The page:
Opinions Mon, 4 Feb 2013

Emasculating Wereko Brobbey…..The NPP at its Worst

Moses Kofi Yahaya

Is the NPP being gobbled up by psycho-drama? Your answer is as good as mine; after all, there seems to be no end in sight to the party’s current fixation with demonizing anyone who deviates from its prescribed line of action…obstruct, delay and thwart the ruling National Democratic Congress at every turn.

Dr.Wereko Brobbey, the “gadfly” of the NPP comes in for special mention. Poor Brobbey; he has been tarred with feathers and publicly flogged for daring to be the lone voice of reason in a party that is increasingly adrift. Described variously as petulant and a traitor, Brobbey remains defiant and assertive.

Brobbery’s principled stance on the party’s post-election dos and don’ts is admirable. On more than one occasion, he has courageously and steadfastly questioned the party’s wisdom of embarking on court action and a series of boycotts which he pointed out to his clearly peeved colleagues are impacting the party’s already dwindled political fortunes.

Contrast Brobbey’s unflinching commitment with that of perennial presidential candidate Nana Akuffo Addo and Jake Obetsibi Lamptey and a whole world of difference between these NPP shoguns emerges. While Brobbey wants the party to forge ahead and reboot for 2016 irrespective of its December electoral performance, Addo and Lamptey prefer an approach that could prove costly in future elections.

Any lingering doubts that Addo and Lamptey have a stranglehold on the NPP should be quickly erased by their support for the party’s ill-advised decisions to go to court, to boycott the Presidential inauguration, its non-participation in the vetting process in parliament and refusing to field a candidate for the Buem constituency bye-elections

Not only are these men….Addo and Lamptey…… shattering the carefully crafted image the party has painstakingly built over the years. This is an unfortunate turn for a party that until recently was dominant, powerful and poised for “great things.” A series of policy initiatives had endeared the party to Ghanaians, and its signature policy, the National Health Insurance Scheme (NHIS) is hugely popular.

A political party’s resilience is measured by its ability to win elections, but particularly its capacity to bounce back after an electoral loss with renewed vigor and dynamism that will enhance its chances of recapturing lost glory. As the party plugs the many loopholes that contributed to its dismal performance, it sheds the ugly vestiges of the last elections, neutralizes internal dissension and revamps its image and soldiers on.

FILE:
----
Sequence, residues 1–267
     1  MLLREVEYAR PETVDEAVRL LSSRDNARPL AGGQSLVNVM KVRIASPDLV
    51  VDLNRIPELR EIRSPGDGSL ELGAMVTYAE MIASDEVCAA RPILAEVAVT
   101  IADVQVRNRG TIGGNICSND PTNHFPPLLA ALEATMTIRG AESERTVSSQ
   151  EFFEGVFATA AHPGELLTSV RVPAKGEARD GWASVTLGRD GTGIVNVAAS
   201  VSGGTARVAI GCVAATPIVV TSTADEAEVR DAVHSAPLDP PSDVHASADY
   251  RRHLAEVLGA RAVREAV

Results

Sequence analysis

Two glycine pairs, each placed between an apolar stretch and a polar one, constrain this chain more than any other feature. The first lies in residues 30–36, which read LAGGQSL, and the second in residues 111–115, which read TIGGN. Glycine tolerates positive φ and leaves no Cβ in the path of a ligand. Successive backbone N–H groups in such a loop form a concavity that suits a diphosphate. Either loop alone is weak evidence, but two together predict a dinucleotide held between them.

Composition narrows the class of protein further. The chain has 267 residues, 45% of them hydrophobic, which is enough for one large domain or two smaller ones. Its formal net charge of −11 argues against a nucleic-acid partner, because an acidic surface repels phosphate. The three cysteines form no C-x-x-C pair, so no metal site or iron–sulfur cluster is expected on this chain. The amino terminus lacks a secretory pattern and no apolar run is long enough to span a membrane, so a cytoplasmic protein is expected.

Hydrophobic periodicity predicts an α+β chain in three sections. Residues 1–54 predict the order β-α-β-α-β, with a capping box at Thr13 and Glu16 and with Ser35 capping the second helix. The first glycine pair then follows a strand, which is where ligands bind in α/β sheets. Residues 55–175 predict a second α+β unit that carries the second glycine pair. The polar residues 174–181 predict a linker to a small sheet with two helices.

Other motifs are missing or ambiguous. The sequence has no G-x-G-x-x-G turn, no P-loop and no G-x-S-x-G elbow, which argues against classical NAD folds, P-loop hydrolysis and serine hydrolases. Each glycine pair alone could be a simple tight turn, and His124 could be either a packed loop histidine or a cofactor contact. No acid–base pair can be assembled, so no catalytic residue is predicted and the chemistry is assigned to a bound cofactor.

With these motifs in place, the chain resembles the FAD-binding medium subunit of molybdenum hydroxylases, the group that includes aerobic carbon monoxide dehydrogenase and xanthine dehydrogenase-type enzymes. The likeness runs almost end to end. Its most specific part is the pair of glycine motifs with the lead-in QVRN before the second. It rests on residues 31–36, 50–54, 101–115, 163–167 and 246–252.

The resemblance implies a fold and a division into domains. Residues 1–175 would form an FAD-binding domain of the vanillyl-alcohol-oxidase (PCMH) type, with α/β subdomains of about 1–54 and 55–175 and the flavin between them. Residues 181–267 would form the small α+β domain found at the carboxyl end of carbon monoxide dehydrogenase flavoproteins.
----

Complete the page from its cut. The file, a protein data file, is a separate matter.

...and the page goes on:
This inexorably brings up the question of the NPP’s post-election paralysis and incoherence. Is the National Patriotic Party (NPP) about to jettison all that is pivotal…..tradition, history and cooperative spirit…. to its survival as a viable political entity to languish in the political wilderness?

The party’s “carefully thought-out” decisions to pursue a legal challenge to the results of the presidential election against the Electoral Commission and the National Democratic Congress (NDC) for allegedly stealing the elections underscore its current dilemma.

And as would be expected, pundits, radio and TV talking heads are rejoicing in the party’s troubles. Some predict the party is bound for political oblivion and mediocrity with its influence significantly diminished and confined to its two bases…the Eastern and Ashanti regions.

Two consecutive electoral defeats certainly throw a political party into a tailspin; shocked by its “poor performance,” in the December elections (the President won by a mere 3 percentage points) the NPP has sunk into a funk from which emergence will be very difficult.

Self-doubts about the party’s political fortunes have mounted and accusations are being hurled with reckless abandon. The party’s calm façade of unity has been cracked by internal dissensions and rival factions emboldened by their own self–worth and intransigence have sharpened their knives ready to draw the first blood.

There is no iota of doubt that the lawsuit is the catalyst behind the party’s internal squabbles. International and domestic poll observers were effusive in their praise of the December elections which they described as transparent and fair albeit a few technical glitches. But leading lights in the NPP saw it differently.

The mounted legal challenge obviously has driven a wedge between those who seek electoral redemption at the Supreme Court and the likes of Brobbey who view the lawsuit as misguided and desperate. They (Brobbey and others in his camp) tried to dampen enthusiasm and the unbridled quest for legal action only to be denounced as traitors and softies. So, the internal war continues and the party bears the brunt.

When it is all said and done, the NPP will wake up from its self-induced Rip Van Winkle stupor ….. folklore has it that Van Winkle was a wiry gentleman from Up-State New York who slept for twenty years only to wake up to a vastly changed world…..two things would have happened; it will find to its utter dismay that the country has long moved on from the 2012 elections and its political fortunes at a new low.

Columnist: Yahaya, Moses Kofi